What the line is saying for the favorite (remember, the negative number) is that you have to bet $200 here to win $100. So if you think the 49ers are going to win this game, and you need $100 for that overpriced NFL Shop jersey of your favorite player that hit the touchdown to cover the Spread in your previous bet, you need to wager $200.
Conversely, if you thought the Raiders would win, that +Number under the Moneyline for them is telling you how much you would WIN if you bet $100. So, if you bet $100 on the Raiders, you’d win $200 if the Raiders beat the 49ers.
Here’s the formula to calculate how much you’d need to bet or how much you stand to win:
When betting on a favorite the formula is:
Risk Amount / (Odds / 100)
When betting on an underdog, the formula is:
Risk Amount * (Odds / 100)
Let’s figure out how much we’d make if we bet $100 on the 49ers at -200. We are risking $100 and the odds are -200. Don’t worry about using the negative sign for the equation, that’s just to tell you who the favorite is for your calculation. So we’d have 100 / (200 / 100) = 100 / 2 = $50
If you wagered $100 on the 49ers and they did indeed win, you’d profit $50 off that bet.
If instead, you bet the $100 on the Raiders, everything stays the same except your multiplying the Risk Amount now. 100 * (200 / 100) = 100 * 2 = $200. If you wager $100 on the underdog Raiders here at +200, you’d now profit $200.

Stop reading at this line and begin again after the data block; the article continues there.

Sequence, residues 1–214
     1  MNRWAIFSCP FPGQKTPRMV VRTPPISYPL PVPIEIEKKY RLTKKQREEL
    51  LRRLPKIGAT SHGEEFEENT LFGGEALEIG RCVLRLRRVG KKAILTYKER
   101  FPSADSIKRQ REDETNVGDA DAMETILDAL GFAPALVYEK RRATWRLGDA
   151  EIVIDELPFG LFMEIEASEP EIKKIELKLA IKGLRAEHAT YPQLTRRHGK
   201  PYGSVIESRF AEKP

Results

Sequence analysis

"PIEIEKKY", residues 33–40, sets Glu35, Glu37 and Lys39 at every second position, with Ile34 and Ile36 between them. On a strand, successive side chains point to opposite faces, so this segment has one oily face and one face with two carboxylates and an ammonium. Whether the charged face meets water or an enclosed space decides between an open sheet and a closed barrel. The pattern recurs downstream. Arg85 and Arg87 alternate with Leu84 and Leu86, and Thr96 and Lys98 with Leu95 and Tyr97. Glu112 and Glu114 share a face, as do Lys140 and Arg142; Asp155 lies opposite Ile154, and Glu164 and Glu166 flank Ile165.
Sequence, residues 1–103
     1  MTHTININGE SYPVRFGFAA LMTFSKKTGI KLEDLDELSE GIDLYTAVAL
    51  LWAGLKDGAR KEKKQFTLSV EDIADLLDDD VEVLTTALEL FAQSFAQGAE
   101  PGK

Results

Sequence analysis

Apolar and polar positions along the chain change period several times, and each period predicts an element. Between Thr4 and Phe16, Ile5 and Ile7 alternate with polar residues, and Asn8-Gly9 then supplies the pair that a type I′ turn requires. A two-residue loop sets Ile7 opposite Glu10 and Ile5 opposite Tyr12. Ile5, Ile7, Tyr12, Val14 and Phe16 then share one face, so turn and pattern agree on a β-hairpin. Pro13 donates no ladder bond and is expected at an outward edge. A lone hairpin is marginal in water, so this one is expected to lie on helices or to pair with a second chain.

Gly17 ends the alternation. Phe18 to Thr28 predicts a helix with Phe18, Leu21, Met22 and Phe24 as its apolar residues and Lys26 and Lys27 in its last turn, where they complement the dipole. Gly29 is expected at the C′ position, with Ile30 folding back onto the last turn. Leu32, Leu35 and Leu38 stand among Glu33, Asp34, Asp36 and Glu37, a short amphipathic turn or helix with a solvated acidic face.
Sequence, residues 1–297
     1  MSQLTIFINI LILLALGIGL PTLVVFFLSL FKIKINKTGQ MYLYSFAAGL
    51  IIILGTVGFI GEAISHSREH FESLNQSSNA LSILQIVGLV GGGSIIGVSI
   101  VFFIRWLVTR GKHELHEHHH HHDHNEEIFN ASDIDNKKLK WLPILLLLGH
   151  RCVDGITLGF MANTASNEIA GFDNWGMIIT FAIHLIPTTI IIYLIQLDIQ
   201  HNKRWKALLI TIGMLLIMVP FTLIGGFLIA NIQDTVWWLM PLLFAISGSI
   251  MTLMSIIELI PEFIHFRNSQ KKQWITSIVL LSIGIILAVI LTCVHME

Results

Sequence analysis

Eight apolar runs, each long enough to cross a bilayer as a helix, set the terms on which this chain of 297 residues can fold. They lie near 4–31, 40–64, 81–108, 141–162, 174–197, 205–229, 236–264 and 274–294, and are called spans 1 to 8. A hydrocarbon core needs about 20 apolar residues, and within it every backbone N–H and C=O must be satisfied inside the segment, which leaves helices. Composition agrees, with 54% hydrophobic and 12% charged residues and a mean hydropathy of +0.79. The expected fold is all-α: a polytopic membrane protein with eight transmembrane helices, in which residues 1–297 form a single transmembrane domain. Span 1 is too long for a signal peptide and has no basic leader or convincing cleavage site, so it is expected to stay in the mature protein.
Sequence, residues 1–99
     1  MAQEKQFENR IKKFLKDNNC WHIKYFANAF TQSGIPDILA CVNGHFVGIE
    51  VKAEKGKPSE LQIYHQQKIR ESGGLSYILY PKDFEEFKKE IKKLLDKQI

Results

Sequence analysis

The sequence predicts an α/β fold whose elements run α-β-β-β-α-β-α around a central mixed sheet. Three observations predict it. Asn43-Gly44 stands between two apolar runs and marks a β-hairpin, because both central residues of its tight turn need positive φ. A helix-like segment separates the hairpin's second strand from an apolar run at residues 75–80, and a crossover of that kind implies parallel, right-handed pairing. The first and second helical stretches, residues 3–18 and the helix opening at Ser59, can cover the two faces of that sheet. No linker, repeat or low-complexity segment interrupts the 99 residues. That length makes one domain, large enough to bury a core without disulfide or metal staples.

That’s all there is to it. You’re picking the winner and the numbers just tell you how much you stand to earn. Obviously bookmakers want to make money too so they dissuade you from betting favorites by making the potential profit smaller. You’re risking more for the potential to earn less because that team is expected to win based on their odds and analysis.
One of the biggest Moneylines upsets in recent history in the NFL was in 2018 with the Bills (+2000) beat the Vikings. The Bills pulled it out in dominating fashion that day and if you had bet even just $10 on the Bills at that Moneyline, you would have won $200.
The Total or Over/Under
Our final type of bet. The Over/Under is probably the most intuitive to understand. You’re betting on whether the TOTAL number of points will go over the listed number or under the listed number. Where the over and under are listed only matters in that the over is usually listed with the favorite and the under is listed with the underdog. The over is designated by an “o” and the under by a “u”.
Here the Over/Under is 49. So, if you expect the total sum of the score to be over 49, you’d bet the over. If under 49, you’d bet the under. As a reference, the highest Over/Under in NFL history was the Rams vs. Chiefs in 2018 with the Over/Under at 64 points. If you remember that game, it was one of the highest scoring games in NFL history as the total points scored equaled 105. Crazy game.
Odds and Ends of Sports Betting
Here are some other things that you should be aware of and know before placing your bets. It’ll just make you a little more literate in the betting world and make sure you understand what you’re seeing.
Vig / Juice
The vig is basically just a tax by the bookmaker to ensure they make money regardless of the outcome. It’s the cut they take for taking your bet and facilitating the transaction. If you see a number in parenthesis next to the Spread or Total, that’s the vig.
When you encounter this, all you need to do is calculate it like we did earlier with the Moneyline. If you bet on the 49ers to cover the Spread at -5.5 (-110) that’s just saying you need to bet $110 to earn $100. So if you were to bet $100 at that line, you would get $100 / (110 / 100) = 100 / 1.1 = $90. You’d make $90 on a $100 bet in this case. The bookmaker took a $10 tax on your bet.